Elisabeth Braw

Sunak is right, Britain needs national service

Rishi Sunak inspects the Passing Out parade of the Parachute Regiment recruits (Getty Images)

The Tories have announced that, if re-elected, they will introduce national service. And it won’t be the miserable existence imposed on all young men in conscription years past. Instead, the Tories will invite 18-year-olds to compete for selective 12-month spots in areas including cyber security, logistics and civil response. That’s the model Norway has successfully been operating for over three decades. In addition, young people will be asked to volunteer on a monthly basis with the NHS, the fire service or charities looking after elderly and lonely people. Such service is a win-win: it’s beneficial for the young people involved in it, and even more importantly it helps make our country safer and more resilient.

It’s illusory to assume that our current armed forces, overstretched and plagued by recruitment shortfalls, can do even more.

In 2019, I wrote a report arguing that the UK could learn from Norway’s competitive national service (which has in recent years been adapted by Sweden, and is also used in a somewhat different form in Denmark). This way, the UK could make military service a desirable proposition by making it highly selective. In Norway, where the armed forces test all 18-year-olds but select only some 17 per cent of them, being chosen for military service is like getting into Oxbridge.

This kind of hyper-competitive national service doesn’t just ensure that the armed forces get the best possible soldiers (and about one quarter of Norwegian conscripts opt to become professional soldiers). Unlike university admissions, it also allows youngsters from disadvantaged backgrounds to shine in the admissions tests, because what matters is exclusively skill and aptitude. Princess Ingrid Alexandra, second in line to the Norwegian throne, is currently doing military service in an engineering battalion in the country’s north. She was assessed like every other candidate, and now shares sleeping quarters with young people from all sorts of backgrounds. The UK, I argued, could adapt the Norwegian model by expanding the national service beyond the armed forces to also include other essential services like cyber defence, fire and rescue, and the NHS. The Tories have adopted this idea (virtually) lock, stock and barrel.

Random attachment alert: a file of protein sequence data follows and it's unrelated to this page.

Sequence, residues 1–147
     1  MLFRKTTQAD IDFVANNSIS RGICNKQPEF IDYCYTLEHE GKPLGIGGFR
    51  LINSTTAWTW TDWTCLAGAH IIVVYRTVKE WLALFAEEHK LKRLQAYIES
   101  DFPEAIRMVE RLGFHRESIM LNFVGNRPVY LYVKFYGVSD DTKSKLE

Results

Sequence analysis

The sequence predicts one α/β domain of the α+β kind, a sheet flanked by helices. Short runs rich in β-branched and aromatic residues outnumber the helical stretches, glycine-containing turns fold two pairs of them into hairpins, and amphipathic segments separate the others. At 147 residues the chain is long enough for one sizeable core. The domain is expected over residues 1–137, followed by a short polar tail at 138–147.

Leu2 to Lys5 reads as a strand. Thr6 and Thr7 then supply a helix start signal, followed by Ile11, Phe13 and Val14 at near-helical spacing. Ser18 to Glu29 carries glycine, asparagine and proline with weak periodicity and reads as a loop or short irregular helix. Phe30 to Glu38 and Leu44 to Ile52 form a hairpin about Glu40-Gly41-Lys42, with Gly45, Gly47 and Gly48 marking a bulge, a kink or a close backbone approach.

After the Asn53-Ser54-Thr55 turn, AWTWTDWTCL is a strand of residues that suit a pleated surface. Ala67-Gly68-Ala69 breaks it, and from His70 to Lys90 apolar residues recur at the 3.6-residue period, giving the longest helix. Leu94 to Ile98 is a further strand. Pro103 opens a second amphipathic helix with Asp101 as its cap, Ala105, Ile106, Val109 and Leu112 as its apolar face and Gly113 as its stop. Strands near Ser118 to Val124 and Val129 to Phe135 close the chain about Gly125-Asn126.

The fact that the Tories have concluded that so-called ‘ordinary’ people would make a transformative contribution to the country’s security and resilience is, of course, hugely positive. Farewell to the tired binary debate pitting all-professional armed forces against conscription for all able-bodied men. There are different ways of involving the country’s teenagers in a way that benefits both them and the country, and by learning from allies the UK can save great amounts of time and effort.

Indeed, if the Tories win, the defence secretary and the chief of the defence staff would do well to quickly travel to Norway for a meeting with Defence Minister Bjørn Arild Gram and Chief of Defence General Eirik Kristoffersen. As commander of Norway’s special forces, Kristoffersen launched a pioneering all-female special forces unit – composed entirely of conscripts. Norway made its military service gender-neutral in 2016, thus dropping the odds of being selected from about one third to one sixth. (And yes, men and women compete against one another in the assessment trials.)

Perhaps regrettably for the Tories, Labour has been working on innovative national defence and resilience concepts for a long time. Shadow defence secretary John Healey, who has been making the most of his time in the post by scrutinising every aspect of our country’s defence, is likely to present equally innovative ideas. Indeed, one might ask why the Tories didn’t present their excellent national service proposal at some point during their 14 years (and counting) in power.

Either way, what matters is that the UK debate around defence and security is changing fundamentally. With threats of a military and non-military kind growing rapidly, it’s illusory to assume that our current armed forces, overstretched and plagued by recruitment shortfalls, can do even more. We have a whole generation of young people whose minds and skills might be just what we need in – and before – crises. It took Covid and Ukraine for the UK to realise it needed to think differently about crises. But now it’s happening.


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